John Rwangombwa, Governor of the Central Bank
John Rwangombwa, Governor of the Central Bank

The continued drop in value of local currency against the US dollar may not have a significant effect on Rwandan economy -the central Bank has said.

Despite volatility  in the  foreign exchange market which has recorded a 7.5%  depreciation in the first half of 2016, Rwanda’s central  bank  promises the  economy will  continue to be resilient.

Forex volatility has been attributed  to  an increase  of  3.3% growth in  import receipts compared to the contracting export value by 2.4% as demand  for  dollars  from different companies and government  projects continue to increase.

As a result, the country’s trade deficit continued to worsen increasing by 5.1 percent to 902.69 million from 858.98 million in the first half of 2016 further exerting pressure on the economy that grew by 7.3 percent in the first half of 2016.

But Central bank says depreciation on the other hand helps strengthen the country’s competitiveness as a market, dispelling fears of a 10-year high depreciation.

“This doesn’t mean negative alone, we are not an island and we are in the global market and competitiveness matters a lot,” said John Rwangombwa, Governor of the Central Bank on Thursday.

Rwangombwa speaking at the monetary policy and financial stability statement presentation in Kigali said the depreciation is not likely to translate into high inflation, “This depreciation does not transform into inflation and our main concern is inflation.”

According to the statement, inflation increased to 4.5 and 4.9 percent in the first and second quarters of 2016 up from 1.0 percent and 2.0 percent the same periods under review.

Transport inflation increased to 7.3 percent in quarter two from 4.6 in quarter one.

But the  economy is also facing  a slowdown in  both  net credit  to  government and in the stock of credit to the private sector which  stood at 214.9 and 7.9 percent respectively between December 2015 and June 2016 down  from 688.8 percent and 15.0 percent in 2015.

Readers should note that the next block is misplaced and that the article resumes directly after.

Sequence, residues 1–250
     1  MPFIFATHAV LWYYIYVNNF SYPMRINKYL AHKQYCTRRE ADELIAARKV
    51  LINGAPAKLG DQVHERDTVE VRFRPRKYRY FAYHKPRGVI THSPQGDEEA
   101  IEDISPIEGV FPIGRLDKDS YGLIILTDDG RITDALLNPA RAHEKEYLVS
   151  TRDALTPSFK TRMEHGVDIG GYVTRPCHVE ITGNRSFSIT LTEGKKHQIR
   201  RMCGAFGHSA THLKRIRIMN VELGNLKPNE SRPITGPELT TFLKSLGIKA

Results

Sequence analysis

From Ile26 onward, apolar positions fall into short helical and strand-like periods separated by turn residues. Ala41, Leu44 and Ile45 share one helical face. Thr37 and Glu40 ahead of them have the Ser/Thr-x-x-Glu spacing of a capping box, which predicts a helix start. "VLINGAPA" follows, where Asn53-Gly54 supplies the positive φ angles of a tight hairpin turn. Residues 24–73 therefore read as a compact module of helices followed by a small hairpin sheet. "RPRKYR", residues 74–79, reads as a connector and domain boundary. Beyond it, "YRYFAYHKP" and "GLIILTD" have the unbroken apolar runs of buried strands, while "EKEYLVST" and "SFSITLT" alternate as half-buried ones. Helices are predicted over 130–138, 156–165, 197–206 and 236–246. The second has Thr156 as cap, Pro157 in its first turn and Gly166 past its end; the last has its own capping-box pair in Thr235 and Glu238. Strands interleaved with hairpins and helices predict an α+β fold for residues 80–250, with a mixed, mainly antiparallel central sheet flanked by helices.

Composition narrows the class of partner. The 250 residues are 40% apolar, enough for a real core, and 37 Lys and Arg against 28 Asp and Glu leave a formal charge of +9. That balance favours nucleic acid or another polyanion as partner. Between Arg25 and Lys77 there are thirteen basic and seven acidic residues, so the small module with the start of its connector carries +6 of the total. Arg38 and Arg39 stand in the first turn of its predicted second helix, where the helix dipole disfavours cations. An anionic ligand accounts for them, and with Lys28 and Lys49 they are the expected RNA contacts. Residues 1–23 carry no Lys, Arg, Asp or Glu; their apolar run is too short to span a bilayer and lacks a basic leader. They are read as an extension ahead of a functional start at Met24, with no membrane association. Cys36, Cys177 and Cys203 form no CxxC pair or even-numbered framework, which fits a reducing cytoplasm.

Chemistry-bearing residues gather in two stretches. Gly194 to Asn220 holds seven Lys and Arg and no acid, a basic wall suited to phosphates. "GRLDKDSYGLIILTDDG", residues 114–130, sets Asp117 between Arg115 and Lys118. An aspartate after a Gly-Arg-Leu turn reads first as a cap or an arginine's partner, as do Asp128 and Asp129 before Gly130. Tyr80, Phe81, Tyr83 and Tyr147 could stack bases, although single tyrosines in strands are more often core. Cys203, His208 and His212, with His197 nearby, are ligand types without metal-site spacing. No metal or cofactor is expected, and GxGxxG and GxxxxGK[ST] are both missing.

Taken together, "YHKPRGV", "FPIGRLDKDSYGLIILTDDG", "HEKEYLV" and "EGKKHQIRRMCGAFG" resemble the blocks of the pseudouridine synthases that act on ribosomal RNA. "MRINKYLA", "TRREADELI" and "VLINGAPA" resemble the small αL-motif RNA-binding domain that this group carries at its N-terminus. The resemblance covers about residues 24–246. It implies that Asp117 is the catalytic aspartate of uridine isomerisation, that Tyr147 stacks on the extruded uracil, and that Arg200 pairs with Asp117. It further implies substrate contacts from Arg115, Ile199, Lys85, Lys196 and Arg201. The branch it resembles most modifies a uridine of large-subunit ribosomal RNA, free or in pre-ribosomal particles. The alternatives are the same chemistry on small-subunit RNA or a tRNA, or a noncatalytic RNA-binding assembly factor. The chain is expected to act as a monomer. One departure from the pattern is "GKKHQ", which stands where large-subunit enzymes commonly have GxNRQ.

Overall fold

The bank indicates total exports dropped in value by 2.4 percent in the first half of 2016 to U$ 268.57 million from U$ 275.12 million after a decline of 6.3 percent in the same period of 2015.

While minerals, tea, coffee and other exports contributed negatively by 36.6 percent, 5.7 percent, 9.2 percent and 0.9 percent respectively, export volumes increased by 16.5 percent in the same period.

Imports on the other hand grew by 3.3% in value to U$1.171.25 million from U$1.134.10 million, a  rise driven by  capital goods  that increased by 35.1%,  consumer goods 3.2%, but energy and lubrications declined by 20.3% and intermediary goods 14.8%.

“The mismatch is mainly due to reliance on low value export products whose prices depend on the global market and the continued high demand of foreign produced goods,” the Governor said.

Lamin M. Manneh, UN Resident Coordinator, says that the government should  put more efforts into boosting domestic resource mobilization  as well  as  strengthening the industry  sector  as one way of offsetting the surging import receipts.

Despite this, the Bank says the economy is expected to grow by 6 percent as earlier projected after a 7.3% growth in the first half of 2016 mainly driven by growth in industry and services sectors by 10 percent and 7% respectively.

Accordingly, the industry sector gained by 8.4 percent in total turnovers in the first half of 2016 with the energy sector contributing highest 65.9%, manufacturing 14.4%.

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